If you don't want to pay 20 per cent more for a digital service so that the provider can cover a 10 per cent tax, we suggest switching to one of Netflix's competitors. Money talks.

The 'Netflix Tax' Explained

From July 1 2017, the Federal Government wants to apply the Goods and Services Tax (GST) to all digital products and services supplied into Australia. In practice, this means the amount of money you spend on software downloads and streaming services is set to increase across the board.

Here's everything you need to know about the so called "Netflix Tax" and how it will affect your wallet.

Read more

WATCH MORE: Tech & Finance News

Comments

    Or you know you could do 2 minutes of actual researching...

    The Premium american subscription is $11.99.... which is by today's conversion... $15.80..

    Add GST onto that and you've got $17.30AU.... so yeah, now being $17.99 may feel like a bit of a hike, but you know, it's pretty on-par with what the states.

    So no we aren't getting shafted.

      Is US Netflix an identical service with an identical library? You're comparing apples with oranges.

        No they are not identical services... But to call them two completely different fruits is a bit off. Maybe two different types of apples would be a better comparison, considering they are technically both the same family, just a bit of a different flavour.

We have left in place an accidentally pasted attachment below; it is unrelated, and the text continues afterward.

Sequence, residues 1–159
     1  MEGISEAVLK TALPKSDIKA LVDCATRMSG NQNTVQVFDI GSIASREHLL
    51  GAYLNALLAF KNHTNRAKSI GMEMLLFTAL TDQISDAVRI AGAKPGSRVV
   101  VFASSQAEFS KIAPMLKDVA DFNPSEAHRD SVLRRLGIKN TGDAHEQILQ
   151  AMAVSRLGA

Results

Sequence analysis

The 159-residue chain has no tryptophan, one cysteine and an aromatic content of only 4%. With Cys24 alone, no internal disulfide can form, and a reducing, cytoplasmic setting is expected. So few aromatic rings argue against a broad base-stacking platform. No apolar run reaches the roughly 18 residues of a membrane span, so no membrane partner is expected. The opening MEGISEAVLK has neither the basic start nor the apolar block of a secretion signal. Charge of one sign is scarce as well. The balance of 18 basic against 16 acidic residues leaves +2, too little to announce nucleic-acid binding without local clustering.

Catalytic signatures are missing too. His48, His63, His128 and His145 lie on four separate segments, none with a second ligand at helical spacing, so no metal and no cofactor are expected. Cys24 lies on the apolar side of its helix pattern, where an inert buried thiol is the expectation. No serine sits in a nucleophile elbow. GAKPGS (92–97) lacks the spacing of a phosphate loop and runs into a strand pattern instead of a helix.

Last edited 28/06/17 11:24 am

          Okay, they are two different types of apples - one of which is significantly smaller than the other and should therefore be cheaper. :-)

          So, it is acceptable that we are paying the same for 200gram bag of apples, as the US is for 1.5kg bag of apples?

          "So no we aren't getting shafted" ???

            Yeah but their 1.5kg bag of apples costs them more of their average monthly income than Australians... But that's a whole other bag of oranges.

            Last edited 29/06/17 11:17 am

      As Chris says, content in our Netflix is abysmal. The only reason I'm paying right now is in anticipation of GOT, then I'm out again.

    You may want to double check the prices for Stan. The $10 tier is SD only, $12 for HD and $15 for the 4K tier.
    There was an offer for existing members to upgrade to 4K but I think it's only for a limited time.